Sen. Orrin Hatch sparks backlash after claiming there’s no money for children’s health plan

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Less than two days after the Senate passed widely criticized tax reform legislation, one of the tax bill’s key proponents came under fire for claiming there’s no money for a children’s health care plan he helped create.

On the Senate floor Thursday, Sen. Orrin Hatch (R-Utah) responded to a question from Sen. Sherrod Brown (D-Ohio) about the future of the Children’s Health Insurance Program, a low-cost health insurance plan for children from low-income families that Congress has yet to renew since it expired Oct. 1.

The question came during a debate on the Republican tax bill, which Hatch presided over as chairman of the Senate Finance Committee.

In response, Hatch claimed the health insurance program had not been renewed due to a lack of funds.

“The reason CHIP’s having trouble is because we don’t have money anymore,” Hatch said.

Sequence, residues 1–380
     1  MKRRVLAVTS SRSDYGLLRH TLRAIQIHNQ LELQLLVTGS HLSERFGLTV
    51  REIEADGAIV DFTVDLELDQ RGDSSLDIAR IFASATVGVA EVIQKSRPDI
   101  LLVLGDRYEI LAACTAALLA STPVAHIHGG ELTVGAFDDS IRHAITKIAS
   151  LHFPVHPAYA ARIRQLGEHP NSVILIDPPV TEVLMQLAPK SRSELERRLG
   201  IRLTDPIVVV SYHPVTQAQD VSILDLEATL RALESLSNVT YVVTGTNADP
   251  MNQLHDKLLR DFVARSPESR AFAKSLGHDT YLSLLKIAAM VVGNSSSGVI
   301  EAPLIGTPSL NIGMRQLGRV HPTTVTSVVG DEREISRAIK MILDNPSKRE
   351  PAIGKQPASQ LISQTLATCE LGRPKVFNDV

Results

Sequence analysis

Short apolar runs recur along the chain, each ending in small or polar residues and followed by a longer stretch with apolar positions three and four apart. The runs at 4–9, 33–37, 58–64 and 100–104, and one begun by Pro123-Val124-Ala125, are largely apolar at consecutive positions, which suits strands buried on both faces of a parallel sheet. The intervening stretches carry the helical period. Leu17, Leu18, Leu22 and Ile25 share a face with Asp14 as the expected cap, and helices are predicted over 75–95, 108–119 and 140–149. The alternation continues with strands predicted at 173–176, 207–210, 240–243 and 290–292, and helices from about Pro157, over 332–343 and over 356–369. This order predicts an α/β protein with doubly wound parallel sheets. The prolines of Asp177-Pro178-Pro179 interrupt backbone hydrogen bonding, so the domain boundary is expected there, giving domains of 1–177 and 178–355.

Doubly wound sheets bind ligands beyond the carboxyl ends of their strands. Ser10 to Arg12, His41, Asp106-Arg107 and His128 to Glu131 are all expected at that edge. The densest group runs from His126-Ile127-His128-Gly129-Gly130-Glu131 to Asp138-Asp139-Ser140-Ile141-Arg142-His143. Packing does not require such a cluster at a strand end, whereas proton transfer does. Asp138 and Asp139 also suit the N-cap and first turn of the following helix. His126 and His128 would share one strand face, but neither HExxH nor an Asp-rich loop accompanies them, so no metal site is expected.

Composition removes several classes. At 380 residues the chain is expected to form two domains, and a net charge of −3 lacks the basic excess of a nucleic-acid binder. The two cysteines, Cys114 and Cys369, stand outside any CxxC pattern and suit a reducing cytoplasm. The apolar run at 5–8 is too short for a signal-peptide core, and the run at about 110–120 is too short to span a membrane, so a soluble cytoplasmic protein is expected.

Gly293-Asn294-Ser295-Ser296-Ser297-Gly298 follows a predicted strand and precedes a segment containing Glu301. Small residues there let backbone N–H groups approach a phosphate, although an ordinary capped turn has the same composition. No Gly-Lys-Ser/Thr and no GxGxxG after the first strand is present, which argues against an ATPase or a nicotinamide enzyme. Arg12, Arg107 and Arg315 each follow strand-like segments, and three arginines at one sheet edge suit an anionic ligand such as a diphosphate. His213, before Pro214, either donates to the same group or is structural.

Source: Daily Kos/YouTube

Though Hatch described CHIP as having done a “terrific job,” he then used the entitlement program as an opportunity to criticize programs that “help people [who] won’t help themselves” — seemingly appearing to equate such people with the 9 million children that rely on CHIP.

“I have a rough time wanting to spend billions and billions and trillions of dollars to help people who won’t help themselves, won’t lift a finger and expect the federal government to do everything,” Hatch said.

The senator ultimately vowed the Senate would renew funding for CHIP.

Hatch’s comments, which were highlighted on MSNBC’s website and mentioned on social media Sunday in a now-deleted tweet from Morning Joe host Joe Scarborough, drew widespread criticism over the weekend as passage of the Senate tax bill continued to spark outrage.

Others pointed out that Hatch was generally supportive of CHIP and that his most fiery complaint concerned other government programs that, in the senator’s estimation, take resources from the children’s insurance program.

This article was published on mic.com
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